What is even more frightening about Tsunami is that they do not stop but continue. It can become higher after the second wave. In the event of a huge earthquake, Tsunami generated at different locations along the long Tsunami fault zone will overlap each other and reflect off the coast, hitting the coast of each region multiple times. In addition to the first wave, large Tsunami will repeatedly hit the coast for five to six hours to half a day. (Cabinet Office press release.) The first wave is a "push wave" that pushes in and the second wave is a "pull wave" that pulls in drifting objects such as destroyed houses and cars into the sea with enormous force. Depending on the direction and topography, such as bays and cliffs, there may be nowhere for the water to go, and the wave height may be up to four times higher than the expected wave height. In the Great East Japan Earthquake, a 40.1-meter run-up was observed in Ayari Bay, Ofunato City, Iwate Prefecture.

Lessons from the disaster area

Tsunami Tendenko

U Flag of International Maritime Signal Flags

The story of how 99.8% of the children and students in Kamaishi City, Iwate Prefecture, who followed this lesson survived became widely known as the "Miracle of Kamaishi. Tendenko is a dialect word meaning "by yourself" or "each". It means, "When the Tsunami comes, run away by yourselves”. To put it more precisely, when you feel an earthquake near the coast, the first thing you should do is to think about protecting yourself from the Tsunami. Make your own decisions without waiting for anyone else's instructions, and protect yourself by running to the highest ground as soon as possible, even without worrying about your family.

  • Sense the danger and act on your own.
  • Go to higher ground as soon as possible.
  • Don't worry about your family.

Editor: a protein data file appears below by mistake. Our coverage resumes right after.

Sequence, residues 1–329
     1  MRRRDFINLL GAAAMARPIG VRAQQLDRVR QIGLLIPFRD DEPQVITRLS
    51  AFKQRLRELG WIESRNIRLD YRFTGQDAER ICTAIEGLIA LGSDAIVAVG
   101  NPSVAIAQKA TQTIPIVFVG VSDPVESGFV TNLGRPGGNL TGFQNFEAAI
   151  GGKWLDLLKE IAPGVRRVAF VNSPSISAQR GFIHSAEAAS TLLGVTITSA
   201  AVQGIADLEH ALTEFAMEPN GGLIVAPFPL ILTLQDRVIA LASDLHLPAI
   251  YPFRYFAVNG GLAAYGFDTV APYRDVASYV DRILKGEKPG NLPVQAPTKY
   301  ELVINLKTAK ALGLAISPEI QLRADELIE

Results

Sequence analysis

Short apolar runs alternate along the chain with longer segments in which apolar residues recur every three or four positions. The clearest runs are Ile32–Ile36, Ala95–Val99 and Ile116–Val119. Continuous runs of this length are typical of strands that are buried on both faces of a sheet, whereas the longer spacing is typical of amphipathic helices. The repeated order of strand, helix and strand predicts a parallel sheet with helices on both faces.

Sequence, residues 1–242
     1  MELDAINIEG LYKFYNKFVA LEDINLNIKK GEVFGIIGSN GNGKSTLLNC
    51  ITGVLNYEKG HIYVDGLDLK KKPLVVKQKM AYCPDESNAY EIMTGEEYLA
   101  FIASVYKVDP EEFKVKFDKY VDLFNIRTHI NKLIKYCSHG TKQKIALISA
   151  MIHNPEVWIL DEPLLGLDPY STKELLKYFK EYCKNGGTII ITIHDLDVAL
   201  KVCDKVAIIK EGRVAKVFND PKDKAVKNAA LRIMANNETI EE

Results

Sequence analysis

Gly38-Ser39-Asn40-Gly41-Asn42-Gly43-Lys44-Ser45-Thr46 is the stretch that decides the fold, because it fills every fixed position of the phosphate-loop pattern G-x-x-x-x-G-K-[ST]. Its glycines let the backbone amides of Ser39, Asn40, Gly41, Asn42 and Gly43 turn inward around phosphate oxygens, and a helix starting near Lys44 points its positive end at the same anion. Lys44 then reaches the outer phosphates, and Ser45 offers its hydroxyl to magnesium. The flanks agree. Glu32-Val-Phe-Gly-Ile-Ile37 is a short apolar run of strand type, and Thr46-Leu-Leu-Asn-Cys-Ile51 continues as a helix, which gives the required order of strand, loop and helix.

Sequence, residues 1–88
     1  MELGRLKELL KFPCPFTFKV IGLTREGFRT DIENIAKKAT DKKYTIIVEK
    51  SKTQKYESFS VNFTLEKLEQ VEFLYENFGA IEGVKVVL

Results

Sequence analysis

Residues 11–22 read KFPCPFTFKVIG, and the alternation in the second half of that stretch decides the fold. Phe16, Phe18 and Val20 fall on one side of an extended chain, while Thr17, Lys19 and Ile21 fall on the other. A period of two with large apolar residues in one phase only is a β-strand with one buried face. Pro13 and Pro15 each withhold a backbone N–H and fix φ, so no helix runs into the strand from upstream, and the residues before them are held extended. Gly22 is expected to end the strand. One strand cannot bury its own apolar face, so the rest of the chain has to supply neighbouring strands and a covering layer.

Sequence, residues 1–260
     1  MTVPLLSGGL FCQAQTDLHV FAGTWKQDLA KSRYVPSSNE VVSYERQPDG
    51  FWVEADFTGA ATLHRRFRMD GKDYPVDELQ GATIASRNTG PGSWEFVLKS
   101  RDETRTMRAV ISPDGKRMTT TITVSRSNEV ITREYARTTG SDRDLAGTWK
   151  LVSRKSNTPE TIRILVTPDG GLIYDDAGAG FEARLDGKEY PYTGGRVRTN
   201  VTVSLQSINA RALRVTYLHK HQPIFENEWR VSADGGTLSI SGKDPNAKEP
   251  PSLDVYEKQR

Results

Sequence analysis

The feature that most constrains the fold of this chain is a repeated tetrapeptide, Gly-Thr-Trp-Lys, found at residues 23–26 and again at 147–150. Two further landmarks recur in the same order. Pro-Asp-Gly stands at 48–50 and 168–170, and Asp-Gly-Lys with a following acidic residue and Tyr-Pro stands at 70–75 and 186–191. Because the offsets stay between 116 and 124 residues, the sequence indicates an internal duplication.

It may seem strange not to wait for instructions and not caring about families. However, in the recent Great Earthquake and Tsunami, many people lost their lives because they were worried about their families and went back to the shorefront, because they gave priority to instructions from their schools or companies, who are not experts on Tsunami. On the other hand, many lives were saved by the "Tsunami Tendenko”. In an emergency, we must do our best to protect ourselves in each situation. Talk to your loved ones in advance to promise to protect yourself first in case of an emergency, and where to meet each other if the phone is disconnected.

Things to be aware of when a Tsunami hits

Where is the evacuation site?

Tsunami Evacuation Site sign

If you are by the sea, check the Tsunami evacuation sites in advance. When a Tsunami hits, there is nothing to do other than to flee to higher ground.

Go to the nearest high ground as soon as possible

If you feel a tremor by the coast, even if it seems slight, do not think that it is not a big deal, but go to the nearest high ground as soon as possible. If there is no high ground, evacuate as far as possible from the shore. If that is difficult, go to a building made of reinforced concrete or steel and go to a higher floor.

Do not get into a car

Walking is the principle. If you are in a car and think you are going to get stuck in a traffic jam, park it on the side of the road with the keys in the ignition, and get out of the car and evacuate. It's not only traffic jams that you need to worry about, but also the fact that it is difficult to open the windows if they are swamped by a Tsunami. The water pressure will prevent the doors from opening. Can you break the window glass and get out? Usually, it will be quite difficult to do so.

When evacuating, stay away from the ocean and rivers

Get away from the ocean and rivers as soon as possible. On November 22, 2016, the day of the Tsunami, there is a video of the Sunaoi River flowing backwards through Tagajo City, Miyagi Prefecture, possibly due to the earthquake. When evacuating, it is extremely dangerous to approach water that is flowing upstream vigorously.


The most frightening thing about Japan's frequent earthquakes is that many people have become accustomed to them. They do not pay attention to them, thinking, "It won't be a big deal this time“. Don't stop doubting, and don't rely on past experiences that have worked so far. In addition, Tsunami can be caused not only by earthquakes in Japan but also by major earthquakes from overseas. It is important to pay attention to warnings and advisories. Don't forget the power of nature. Even a small Tsunami of a few centimeters can easily wash away an adult. If anything happens, protect yourself and evacuate, do not give up until the very end.